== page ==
Our need to be constantly connected can pose an unintended risk to our mobile safety. Many establishments try to fulfill this need by providing free WiFi access to their patrons. Everywhere from your local coffee shop to Disney World, WiFi access has become a common and necessary service for companies to provide to its customers. However, this service may provide you with more than a free way of staying connected.

  • Never connect to an unsecured WiFi network. An unsecured WiFi network or hotspot is one that a user does not need to provide a password to connect. These networks are a prime target for attackers to snoop or spy on a user’s online activity. Attackers can steal information such as login credentials, credit card data, or personal data which can leave them vulnerable to identity theft or theft of proprietary information.
  • Many mobile providers offer personal hotspots to their users for a small monthly fee. This service can provide a user a secure way of connecting on the go. As long as you have a mobile data connection, you have a secure communication path.
  • However, if you are forced to connect to one of these unsecured networks, invest in a VPN service. Some organizations may have the ability to provide their mobile workforce VPN connectivity, but for those who do not have access to this, it is a highly recommended investment. VPNs (Virtual Private Network) protect its users by encrypting their Internet connection which prevents attackers or anyone, including Internet Service Providers, from seeing the information sent over the network.

Malware

Malware continues to be a threat to organizations regardless of how their users connect. Long gone are the days where security teams had to only be concerned about their internal assets falling victim to these destructive tactics. Now as organization’s environments stretch across the nation and across the world, the need to extend their security programs are even greater.

This combination of business assets on personal devices has added an additional layer of complexity to protecting an organization’s network. To combat this issue, end users should be conditioned to follow a few simple guidelines when using their personal devices for business purposes:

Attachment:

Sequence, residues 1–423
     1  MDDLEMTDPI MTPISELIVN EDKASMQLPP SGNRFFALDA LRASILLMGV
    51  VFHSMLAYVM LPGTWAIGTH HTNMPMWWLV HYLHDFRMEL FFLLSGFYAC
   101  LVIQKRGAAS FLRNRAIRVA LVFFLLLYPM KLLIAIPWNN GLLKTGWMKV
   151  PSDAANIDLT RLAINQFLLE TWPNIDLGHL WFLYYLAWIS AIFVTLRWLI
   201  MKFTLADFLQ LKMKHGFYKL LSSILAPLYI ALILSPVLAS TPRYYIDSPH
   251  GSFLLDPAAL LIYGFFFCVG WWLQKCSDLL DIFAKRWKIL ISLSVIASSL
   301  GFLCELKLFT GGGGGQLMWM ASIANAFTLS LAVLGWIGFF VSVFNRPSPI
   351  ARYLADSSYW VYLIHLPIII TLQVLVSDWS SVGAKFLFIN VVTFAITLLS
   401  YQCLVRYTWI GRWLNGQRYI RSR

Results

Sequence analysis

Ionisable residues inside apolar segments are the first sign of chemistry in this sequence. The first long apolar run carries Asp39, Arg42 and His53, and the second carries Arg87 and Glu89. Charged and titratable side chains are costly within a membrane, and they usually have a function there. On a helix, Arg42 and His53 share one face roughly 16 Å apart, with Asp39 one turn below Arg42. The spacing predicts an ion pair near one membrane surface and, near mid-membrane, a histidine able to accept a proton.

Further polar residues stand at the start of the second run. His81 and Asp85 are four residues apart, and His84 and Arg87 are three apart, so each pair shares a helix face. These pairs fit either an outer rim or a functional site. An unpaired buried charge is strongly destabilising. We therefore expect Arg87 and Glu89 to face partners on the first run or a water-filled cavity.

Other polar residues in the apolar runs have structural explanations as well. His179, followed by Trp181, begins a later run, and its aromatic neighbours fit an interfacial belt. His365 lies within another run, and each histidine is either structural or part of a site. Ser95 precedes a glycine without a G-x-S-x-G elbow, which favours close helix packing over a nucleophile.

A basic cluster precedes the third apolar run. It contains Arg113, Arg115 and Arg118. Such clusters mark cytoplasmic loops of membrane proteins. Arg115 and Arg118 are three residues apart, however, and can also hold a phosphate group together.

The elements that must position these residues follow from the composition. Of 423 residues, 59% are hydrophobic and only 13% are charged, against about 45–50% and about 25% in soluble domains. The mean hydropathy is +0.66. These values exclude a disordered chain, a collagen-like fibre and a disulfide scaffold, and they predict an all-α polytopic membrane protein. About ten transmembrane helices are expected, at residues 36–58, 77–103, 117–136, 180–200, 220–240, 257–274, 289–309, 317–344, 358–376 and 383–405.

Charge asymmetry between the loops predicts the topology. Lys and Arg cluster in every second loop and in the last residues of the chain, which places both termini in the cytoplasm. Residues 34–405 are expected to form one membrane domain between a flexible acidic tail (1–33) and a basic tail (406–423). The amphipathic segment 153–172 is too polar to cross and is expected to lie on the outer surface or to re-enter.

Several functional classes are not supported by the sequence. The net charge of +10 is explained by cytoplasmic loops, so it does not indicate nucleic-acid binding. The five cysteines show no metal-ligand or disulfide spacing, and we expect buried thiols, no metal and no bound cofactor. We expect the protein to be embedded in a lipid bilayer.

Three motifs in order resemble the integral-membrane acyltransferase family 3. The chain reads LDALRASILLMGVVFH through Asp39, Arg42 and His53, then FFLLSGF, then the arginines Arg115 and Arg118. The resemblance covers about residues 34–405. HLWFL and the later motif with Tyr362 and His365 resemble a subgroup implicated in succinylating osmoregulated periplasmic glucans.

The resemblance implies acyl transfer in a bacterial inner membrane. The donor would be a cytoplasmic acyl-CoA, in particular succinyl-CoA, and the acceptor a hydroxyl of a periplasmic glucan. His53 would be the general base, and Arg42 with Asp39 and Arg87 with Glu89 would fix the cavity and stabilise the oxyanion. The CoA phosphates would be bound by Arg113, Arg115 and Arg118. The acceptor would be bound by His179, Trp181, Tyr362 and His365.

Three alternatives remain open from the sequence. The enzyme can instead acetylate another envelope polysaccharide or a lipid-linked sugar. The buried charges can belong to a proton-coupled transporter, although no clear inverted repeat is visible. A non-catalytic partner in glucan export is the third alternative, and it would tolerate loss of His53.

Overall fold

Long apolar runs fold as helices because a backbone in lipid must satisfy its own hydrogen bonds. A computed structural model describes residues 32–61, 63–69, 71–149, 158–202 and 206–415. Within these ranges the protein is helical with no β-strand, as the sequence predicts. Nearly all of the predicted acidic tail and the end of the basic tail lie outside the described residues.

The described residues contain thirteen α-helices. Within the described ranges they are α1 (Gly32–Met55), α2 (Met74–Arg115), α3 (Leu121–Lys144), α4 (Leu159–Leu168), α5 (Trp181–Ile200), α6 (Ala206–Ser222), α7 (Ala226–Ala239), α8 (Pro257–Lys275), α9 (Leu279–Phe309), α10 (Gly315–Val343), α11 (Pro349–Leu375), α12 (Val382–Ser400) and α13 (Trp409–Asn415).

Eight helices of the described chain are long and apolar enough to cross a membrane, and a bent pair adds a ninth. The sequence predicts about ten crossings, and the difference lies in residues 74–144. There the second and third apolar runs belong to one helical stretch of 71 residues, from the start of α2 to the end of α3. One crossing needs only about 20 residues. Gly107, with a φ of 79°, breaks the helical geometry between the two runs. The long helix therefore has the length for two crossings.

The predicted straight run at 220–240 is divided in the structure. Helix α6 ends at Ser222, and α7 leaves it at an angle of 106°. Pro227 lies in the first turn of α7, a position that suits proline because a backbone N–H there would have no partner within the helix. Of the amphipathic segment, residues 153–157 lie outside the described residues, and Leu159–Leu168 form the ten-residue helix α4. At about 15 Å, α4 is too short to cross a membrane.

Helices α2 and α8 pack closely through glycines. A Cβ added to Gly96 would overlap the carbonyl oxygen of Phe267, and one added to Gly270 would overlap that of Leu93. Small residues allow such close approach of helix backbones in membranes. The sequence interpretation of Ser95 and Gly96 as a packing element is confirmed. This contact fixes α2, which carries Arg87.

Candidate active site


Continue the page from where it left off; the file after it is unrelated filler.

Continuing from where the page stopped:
• Utilize a security application to detect malware. An organization should research acceptable applications their end users can install on their devices to periodically scan for and detect malware.
  • End users should be trained on application security. Educating users on how to determine if an app is legitimate will help to prevent them from inadvertently downloading an application that may contain malware.
  • Some organizations may even opt to have stringent BYOD policies and procedures where certain applications cannot be downloaded of their personal devices if they are being used for business purposes.
  • As simple as it sounds, educates end users on the dangers of clicking on suspicious links. Even links found on popular social media sites might lead to a malware infection. Following the same steps outlined in reducing phishing attacks, will help prevent users from falling victim to a malware attack.

The actions outlined in this article are a few simple steps, which, if consistently followed, will reduce an organization’s risk when it comes to mobile devices in their environment. Although organizations today are taking many preventative measures, all it takes is one successful attack to lead to devastating consequences and a full-blown security incident. Security teams need to be able to detect and respond immediately to any and every security alert which they face, whether from a phishing attack, malware attack or other forms. With the increasing volume of alerts, the most effective and efficient way to do this is through automation and orchestration, to ensure no alert goes undetected or untouched. Contact DFLabs today to arrange a personalized demo of its Security Orchestration, Automation and Response platform, IncMan SOAR.